'Kitchen sink' rivals can't halt Guardian rise

By Dominic Ponsford

Guardian
editor Alan Rusbridger has told Press Gazette of his delight at
breaking sales records with the paper’s Berliner relaunch, despite what
he described as a “kitchen sink” strategy from rival titles.

The
Guardian, which relaunched on 12 September, was up 7.41 per cent for
the month to 404,187 (compared with a 6.26 per cent drop the month
before)n – putting it above 400,000 for the first time since December
2003.

According to Rusbridger, the paper has twice broken all-time records for individual daily sales in the past three weeks.

He said: “We’re doing some pretty thorough research on what readers make of it.

The
findings are hugely positive – 80 per cent approval against only four
per cent disapproval from Guardian readers [and broadly similar figures
for non-regulars]. On virtually every single indicator we’re scoring
much more positively now.

“As to ABC, we’re very encouraged, though these are obviously early days.

Our
rivals have paid us the compliment of taking the Berliner extremely
seriously – with enormous sums laid out on their own redesigns,
relaunches, DVDs, free books, cut-price subscriptions, trials, bulks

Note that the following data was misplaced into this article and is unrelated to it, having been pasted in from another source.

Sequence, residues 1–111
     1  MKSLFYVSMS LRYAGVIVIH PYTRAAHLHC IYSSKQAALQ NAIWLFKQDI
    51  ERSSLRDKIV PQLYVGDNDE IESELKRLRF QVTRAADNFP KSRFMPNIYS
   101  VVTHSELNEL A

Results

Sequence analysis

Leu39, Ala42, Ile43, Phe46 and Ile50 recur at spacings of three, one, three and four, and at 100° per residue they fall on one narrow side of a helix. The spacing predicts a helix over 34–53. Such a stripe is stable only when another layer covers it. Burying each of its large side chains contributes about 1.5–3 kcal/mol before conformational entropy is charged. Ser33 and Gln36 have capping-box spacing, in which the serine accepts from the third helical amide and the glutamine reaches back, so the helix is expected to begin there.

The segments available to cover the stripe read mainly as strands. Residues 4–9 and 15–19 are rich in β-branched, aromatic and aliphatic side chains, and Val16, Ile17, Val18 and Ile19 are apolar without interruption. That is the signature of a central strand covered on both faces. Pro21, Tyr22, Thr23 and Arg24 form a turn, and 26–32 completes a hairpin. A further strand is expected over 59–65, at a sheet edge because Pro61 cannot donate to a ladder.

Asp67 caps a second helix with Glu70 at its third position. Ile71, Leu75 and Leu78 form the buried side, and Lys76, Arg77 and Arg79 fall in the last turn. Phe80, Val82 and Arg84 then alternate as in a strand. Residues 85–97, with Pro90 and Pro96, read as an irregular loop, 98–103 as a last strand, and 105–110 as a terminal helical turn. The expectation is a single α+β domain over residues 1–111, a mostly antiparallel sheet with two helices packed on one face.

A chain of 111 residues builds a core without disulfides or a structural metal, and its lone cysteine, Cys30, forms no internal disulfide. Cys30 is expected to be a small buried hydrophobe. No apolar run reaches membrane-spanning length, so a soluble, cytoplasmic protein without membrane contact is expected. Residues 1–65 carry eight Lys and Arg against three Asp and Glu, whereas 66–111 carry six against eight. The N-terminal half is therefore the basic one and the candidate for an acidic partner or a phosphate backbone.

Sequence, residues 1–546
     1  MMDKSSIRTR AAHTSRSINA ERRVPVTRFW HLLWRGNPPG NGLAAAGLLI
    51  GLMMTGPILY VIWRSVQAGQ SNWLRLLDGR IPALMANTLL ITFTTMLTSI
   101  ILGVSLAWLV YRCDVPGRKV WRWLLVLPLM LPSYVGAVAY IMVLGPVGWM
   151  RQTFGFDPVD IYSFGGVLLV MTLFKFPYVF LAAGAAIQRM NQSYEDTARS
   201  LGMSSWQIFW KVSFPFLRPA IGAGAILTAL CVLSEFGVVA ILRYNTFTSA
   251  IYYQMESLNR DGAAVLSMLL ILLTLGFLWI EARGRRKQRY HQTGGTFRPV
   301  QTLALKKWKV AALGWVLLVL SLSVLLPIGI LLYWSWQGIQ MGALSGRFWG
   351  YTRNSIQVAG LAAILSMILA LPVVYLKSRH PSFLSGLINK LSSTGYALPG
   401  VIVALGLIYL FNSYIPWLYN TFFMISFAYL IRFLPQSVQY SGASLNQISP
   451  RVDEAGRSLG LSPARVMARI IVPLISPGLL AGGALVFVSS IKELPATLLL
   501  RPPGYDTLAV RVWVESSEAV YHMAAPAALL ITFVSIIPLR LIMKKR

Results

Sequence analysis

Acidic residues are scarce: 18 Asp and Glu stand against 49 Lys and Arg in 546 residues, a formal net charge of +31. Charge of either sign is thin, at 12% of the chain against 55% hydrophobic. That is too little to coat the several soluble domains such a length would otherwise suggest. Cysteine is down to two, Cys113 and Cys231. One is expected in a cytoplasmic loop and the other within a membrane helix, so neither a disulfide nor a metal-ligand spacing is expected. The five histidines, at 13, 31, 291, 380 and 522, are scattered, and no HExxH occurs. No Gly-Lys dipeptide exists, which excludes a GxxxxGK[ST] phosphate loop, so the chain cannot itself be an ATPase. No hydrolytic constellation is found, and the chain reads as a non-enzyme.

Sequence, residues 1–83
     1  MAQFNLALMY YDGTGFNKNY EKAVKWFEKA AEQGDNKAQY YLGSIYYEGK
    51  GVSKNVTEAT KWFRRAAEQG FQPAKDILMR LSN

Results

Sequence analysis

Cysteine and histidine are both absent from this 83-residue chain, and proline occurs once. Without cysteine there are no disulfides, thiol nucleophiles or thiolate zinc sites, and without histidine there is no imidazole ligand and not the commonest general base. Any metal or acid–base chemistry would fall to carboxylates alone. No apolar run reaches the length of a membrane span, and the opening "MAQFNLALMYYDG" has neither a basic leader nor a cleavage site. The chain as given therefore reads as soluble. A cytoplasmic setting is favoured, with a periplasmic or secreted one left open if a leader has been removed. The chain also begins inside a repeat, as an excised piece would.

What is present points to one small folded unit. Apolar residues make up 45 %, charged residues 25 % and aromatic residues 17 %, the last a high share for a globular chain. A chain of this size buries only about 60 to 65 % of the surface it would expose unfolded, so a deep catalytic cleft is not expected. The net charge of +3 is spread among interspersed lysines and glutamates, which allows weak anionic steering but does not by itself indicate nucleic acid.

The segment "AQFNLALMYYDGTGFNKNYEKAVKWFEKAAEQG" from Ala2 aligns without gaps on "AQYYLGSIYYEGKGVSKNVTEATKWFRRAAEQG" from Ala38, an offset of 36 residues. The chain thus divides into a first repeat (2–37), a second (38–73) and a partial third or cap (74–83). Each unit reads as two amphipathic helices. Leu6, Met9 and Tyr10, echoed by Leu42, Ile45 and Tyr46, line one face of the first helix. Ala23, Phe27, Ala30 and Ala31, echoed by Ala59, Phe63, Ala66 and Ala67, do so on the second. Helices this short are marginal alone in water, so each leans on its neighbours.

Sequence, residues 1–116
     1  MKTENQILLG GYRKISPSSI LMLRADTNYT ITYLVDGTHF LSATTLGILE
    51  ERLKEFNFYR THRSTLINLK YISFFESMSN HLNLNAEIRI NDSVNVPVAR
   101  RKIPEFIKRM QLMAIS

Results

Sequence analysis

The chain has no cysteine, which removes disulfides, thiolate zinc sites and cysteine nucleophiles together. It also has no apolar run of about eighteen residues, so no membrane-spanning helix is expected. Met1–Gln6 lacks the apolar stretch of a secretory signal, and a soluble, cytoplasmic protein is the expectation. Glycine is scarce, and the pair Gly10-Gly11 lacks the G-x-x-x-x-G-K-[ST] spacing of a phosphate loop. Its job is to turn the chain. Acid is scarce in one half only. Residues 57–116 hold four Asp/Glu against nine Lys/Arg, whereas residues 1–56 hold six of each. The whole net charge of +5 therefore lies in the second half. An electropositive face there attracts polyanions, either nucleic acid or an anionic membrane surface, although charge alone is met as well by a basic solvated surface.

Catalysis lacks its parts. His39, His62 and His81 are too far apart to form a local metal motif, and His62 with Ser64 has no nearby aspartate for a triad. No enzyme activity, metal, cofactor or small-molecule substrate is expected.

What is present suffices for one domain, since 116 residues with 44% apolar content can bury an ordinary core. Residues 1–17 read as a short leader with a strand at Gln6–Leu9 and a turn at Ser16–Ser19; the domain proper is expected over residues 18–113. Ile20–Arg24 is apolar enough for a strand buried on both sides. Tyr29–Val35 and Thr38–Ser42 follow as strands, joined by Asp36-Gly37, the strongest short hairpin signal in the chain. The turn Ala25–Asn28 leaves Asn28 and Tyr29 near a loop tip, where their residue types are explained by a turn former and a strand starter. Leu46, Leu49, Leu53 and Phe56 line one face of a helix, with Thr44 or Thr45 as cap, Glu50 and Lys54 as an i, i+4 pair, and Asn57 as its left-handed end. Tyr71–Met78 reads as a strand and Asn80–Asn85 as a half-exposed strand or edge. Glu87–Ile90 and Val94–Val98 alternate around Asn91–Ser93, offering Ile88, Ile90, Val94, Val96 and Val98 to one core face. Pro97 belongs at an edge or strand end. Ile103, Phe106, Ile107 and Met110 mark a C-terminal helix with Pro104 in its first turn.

and giveaways. The Berliner seems to have prompted a kitchen sink
situation.”

The Guardian does not appear to have taken significant sales from its rivals.

The Independent was down 0.77 per cent year-on-year and The Daily Telegraph was slightly up by 0.4 per cent.

The
Times is still piling on sales nearly two years after its relaunch as a
compact and was almost as successful as The Guardian – up 5.83 per cent
to 699,425.Overall, the quality newspaper market grew by 2.24 per cent
in September, making it the only sector of the national press to be
attracting new readers.

Times editor Robert Thomson criticised
the Telegraph for its high proportion of discounted subscription sales
and the FT for its reliance on overseas sales.

He said: “In real sales The Daily Telegraph continues to waste away – it has more padding than a comfy cushion.

And the FT is the incredible shrinking newspaper – in this country it is better described as a financial newsletter.”

After
a strong July for the Evening Standard, the London daily is again
losing paid-for circulation at an alarming double-figure rate. Some
87,000 free Standard Lites keep its combined circulation above 400,000.

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